The tallest building in Oakland! No, a new one.

OMG, folks. I know I promised to write about crime like a week ago, and I will, soon, I swear. I was going to do it today, but I am just way too excited right now to blog about anything but Encinal Tower.

At a whopping 715 feet, Encinal Tower would be by far the tallest building in Oakland, dwarfing our current record holder, the 404 foot tall Ordway Building. It’s so funny – remember when Emerald Views was first proposed, everyone was all upset (or excited) about it being the tallest building in Oakland? Now we actually have three taller buildings going through the planning process. Crazy. It would also, interestingly enough, be basically the tallest building we’ll ever have, since apparently, even though the new proposed CBD zoning code would allow unlimited heights in Area 1, the FAA won’t. Who knew.

Anyway, Peter Wang wants to tear down Gold Tooth Master and replace it with this:



OMG, OMG, OMG, HOW AWESOME IS IT? DON’T YOU LOVE IT!?!?!?

What’s that? You want more pictures? I apologize for the lame images right now – I hope to have nice renderings soon and when I get them I will replace my sad photos with something better.



Have I mentioned yet that I love it?

Okay, settling down. Let’s see…this building would sit between Broadway and Franklin (and have entrances on both streets) and between 19th and 20th. So on Broadway, it would be between the World Savings Tower and the historic Tapscott building, the abandoned 4 story brick building on the corner of 19th and Broadway, which I affectionally refer to as the Teen Pressure building, after the bizarre dioramas warning about “DRUGS! STDS! TEEN PRESSURE!” that filled up all the ground floor windows and I used to always stare at while waiting for the bus. (The dioramas disappeared a while ago. I miss them.)

What else? The building would have a gigantic lobby (60 feet!) featuring a huge commissioned piece of art, then the majority of the building would be office space (floorplates averaging 32,000 sf) with terraces along the south face of the building on each floor. Then then top 22 floors of the building would be residential, right now they’re saying one and two bedroom units, and 10 per floor. ALSO DID YOU SEE IT? ISN’T IT GORGEOUS?

Nobody’s going to accuse this building of looking like a Days Inn from Ohio!

Another reason I like the project, aside from the fact that it just looks SUPER COOL, is that it will serve as an excellent anchor for what I think we should be looking at as our prime future downtown development corridor, 20th Street. I’ve never understood why people go on and on about concentrating future building along the “Broadway spine.” Have they not noticed that Broadway is already built?

20th Street, from Broadway to the Lake, on the other hand, is totally primed for development. One, it sucks. Two, it’s on top of BART and tons of bus lines. Three, it’s huge. And it’s like, the most pathetic street in Oakland! I mean, I walk down 20th now, with those one story banks and giant surface parking lot and that hideous Nurses Association building, and I want to cry. Yet for some bizarre reason, whenever I talk about we should look at 20th Street as the best spot for future high intensity development downtown, people look at me like I have antennae coming out of my head or something. But this on one end and the new Swig buildings will bookend the street so perfectly, and then maybe other people will see what I see.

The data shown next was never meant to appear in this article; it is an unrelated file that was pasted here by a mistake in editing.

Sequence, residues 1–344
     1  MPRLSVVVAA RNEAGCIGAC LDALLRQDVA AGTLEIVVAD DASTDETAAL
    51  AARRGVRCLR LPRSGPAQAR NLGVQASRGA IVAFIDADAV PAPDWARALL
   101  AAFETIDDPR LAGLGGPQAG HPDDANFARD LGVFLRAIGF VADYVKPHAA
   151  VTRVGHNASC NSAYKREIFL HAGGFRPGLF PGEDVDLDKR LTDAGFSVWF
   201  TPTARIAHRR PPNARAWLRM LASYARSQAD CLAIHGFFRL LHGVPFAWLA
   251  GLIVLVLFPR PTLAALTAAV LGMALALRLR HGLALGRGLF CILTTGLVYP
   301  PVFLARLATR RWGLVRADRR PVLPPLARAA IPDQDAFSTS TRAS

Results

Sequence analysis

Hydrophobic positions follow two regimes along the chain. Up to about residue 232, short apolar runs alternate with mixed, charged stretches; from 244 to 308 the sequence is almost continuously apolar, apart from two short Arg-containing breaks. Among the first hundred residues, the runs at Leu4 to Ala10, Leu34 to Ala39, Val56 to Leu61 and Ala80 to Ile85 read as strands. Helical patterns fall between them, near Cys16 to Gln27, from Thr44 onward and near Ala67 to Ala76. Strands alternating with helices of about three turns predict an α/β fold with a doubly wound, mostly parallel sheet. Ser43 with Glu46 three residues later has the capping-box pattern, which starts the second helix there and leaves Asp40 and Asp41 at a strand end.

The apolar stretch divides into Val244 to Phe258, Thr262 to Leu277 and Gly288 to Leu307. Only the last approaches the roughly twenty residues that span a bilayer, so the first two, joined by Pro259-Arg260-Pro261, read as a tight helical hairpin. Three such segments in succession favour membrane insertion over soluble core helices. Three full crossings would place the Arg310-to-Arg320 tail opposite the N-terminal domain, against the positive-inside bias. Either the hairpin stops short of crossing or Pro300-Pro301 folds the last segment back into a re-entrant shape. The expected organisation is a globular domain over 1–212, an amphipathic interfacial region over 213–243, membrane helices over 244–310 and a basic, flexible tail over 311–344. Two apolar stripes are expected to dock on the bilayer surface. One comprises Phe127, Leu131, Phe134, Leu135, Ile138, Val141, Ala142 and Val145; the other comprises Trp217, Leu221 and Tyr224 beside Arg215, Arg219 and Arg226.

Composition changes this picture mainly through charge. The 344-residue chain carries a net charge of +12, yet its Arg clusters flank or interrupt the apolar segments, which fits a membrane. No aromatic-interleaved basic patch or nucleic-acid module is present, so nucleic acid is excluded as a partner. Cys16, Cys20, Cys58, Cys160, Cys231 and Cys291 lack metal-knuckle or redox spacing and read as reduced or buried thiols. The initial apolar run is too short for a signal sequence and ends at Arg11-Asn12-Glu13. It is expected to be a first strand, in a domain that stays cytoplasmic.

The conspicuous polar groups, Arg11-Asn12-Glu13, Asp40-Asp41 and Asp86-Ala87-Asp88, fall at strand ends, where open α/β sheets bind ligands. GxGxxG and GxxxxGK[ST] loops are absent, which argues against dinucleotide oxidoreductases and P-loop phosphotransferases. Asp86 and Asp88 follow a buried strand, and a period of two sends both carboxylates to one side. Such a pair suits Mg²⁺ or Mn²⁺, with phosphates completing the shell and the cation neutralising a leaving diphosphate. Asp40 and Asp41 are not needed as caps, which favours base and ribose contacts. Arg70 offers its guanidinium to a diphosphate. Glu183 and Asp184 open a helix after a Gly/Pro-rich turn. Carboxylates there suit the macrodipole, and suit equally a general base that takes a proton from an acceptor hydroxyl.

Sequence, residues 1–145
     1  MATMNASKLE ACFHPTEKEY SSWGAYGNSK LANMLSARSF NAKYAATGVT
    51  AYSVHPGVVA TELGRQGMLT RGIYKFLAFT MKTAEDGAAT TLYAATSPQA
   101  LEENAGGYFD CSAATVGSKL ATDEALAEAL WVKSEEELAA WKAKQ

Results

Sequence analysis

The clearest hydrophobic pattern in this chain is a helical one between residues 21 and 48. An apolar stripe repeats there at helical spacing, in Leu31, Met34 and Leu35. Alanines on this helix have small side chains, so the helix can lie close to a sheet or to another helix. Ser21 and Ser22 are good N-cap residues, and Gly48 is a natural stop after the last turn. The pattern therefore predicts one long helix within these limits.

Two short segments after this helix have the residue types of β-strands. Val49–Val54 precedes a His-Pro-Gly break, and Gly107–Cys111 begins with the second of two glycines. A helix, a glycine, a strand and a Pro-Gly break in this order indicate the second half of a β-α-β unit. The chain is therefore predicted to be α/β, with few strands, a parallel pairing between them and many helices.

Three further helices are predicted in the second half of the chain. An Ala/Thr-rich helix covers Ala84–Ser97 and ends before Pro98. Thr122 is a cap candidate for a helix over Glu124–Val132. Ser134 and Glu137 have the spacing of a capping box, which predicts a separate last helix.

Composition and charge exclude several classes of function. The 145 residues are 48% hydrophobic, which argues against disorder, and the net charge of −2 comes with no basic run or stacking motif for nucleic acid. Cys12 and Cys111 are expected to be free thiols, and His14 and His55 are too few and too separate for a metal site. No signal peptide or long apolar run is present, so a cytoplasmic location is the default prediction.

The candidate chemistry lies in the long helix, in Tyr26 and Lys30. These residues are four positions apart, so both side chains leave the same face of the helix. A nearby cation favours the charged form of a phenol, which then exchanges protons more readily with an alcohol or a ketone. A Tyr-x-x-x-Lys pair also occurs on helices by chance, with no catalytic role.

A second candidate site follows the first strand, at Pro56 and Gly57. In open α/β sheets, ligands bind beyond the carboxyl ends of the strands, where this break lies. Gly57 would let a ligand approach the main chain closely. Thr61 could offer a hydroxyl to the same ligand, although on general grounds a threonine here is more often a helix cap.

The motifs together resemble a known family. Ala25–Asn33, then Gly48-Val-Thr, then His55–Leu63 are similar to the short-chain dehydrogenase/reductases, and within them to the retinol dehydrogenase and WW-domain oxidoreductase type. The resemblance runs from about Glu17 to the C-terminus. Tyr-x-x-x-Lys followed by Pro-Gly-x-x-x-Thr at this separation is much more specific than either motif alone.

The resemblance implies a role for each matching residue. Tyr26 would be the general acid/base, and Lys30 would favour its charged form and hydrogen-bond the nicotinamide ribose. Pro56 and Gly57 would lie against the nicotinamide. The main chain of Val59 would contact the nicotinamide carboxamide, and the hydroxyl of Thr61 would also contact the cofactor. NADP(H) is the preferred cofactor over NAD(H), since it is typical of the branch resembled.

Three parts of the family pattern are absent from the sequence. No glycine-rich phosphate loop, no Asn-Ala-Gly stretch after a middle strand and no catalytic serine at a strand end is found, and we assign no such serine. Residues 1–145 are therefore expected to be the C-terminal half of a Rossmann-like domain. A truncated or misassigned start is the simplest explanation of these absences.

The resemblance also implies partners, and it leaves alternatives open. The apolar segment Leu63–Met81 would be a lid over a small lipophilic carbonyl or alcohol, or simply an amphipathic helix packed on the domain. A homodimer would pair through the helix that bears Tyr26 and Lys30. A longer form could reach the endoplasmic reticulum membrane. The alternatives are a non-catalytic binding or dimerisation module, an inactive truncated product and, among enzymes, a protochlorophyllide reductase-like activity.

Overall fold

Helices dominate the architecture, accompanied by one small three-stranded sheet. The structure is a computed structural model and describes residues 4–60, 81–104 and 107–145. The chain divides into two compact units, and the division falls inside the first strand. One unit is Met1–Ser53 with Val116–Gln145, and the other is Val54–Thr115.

Oh, and as part of the project, they’re going to restore the Tapscott building. One less abandoned building downtown, hooray! Possible uses suggested at the meeting included retail with offices on top, a multi-story restaurant or bar, or maybe a boutique hotel.

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42 thoughts on “The tallest building in Oakland! No, a new one.

  1. jarichmond

    Wow! It would certainly be nice for us to get some interesting new architecture on this side of the bay. I heard on KTVU a couple days ago that they were proposing the tallest building in Oakland for that block, but they didn’t have any pictures of it!

  2. Aaron Priven

    I don’t get the attraction. It looks like an airport terminal tilted on its edge.

    Having said that, it’s a great place for a nicely big new building and putting the Tapscott Building to use sounds like a great idea.

  3. Colin

    But if they tear down da grill master, where I’m going to get my teeth done?

    I don’t know that Oakland needs a 715′ tower. We’re not a big city, and pretending to be always seems to bite us in the ass. Is there demand for this? Aren’t condo sales in the tank in Uptown right now? Is there a demand for more office space? Does having this building somehow make up for the fact that it’s going to dwarf everything in its vicinity?

    What are the pluses, here? I get that you like the way it looks, but it seems like we should get plans ready for our spaceship launching pad first because that’d be just as useful and a lot more exciting.

  4. dto510

    Coin, Oakland is a pretty big city. Many cities smaller than us have significantly taller buildings. Just because there are shorter buildings nearby doesn’t mean that tall buildings are bad – “dwarfing” a structure is an aesthetic issue not shared by everyone and aesthetics pale in comparison to the employment and tax benefits of development. The General Plan explicitly calls for “the construction of taller buildings” downtown. Why do we have to go over this every time anyone wants to build anything? This is only one of four skyscraper proposals making their way through the process: it’s time to get used to high-rises.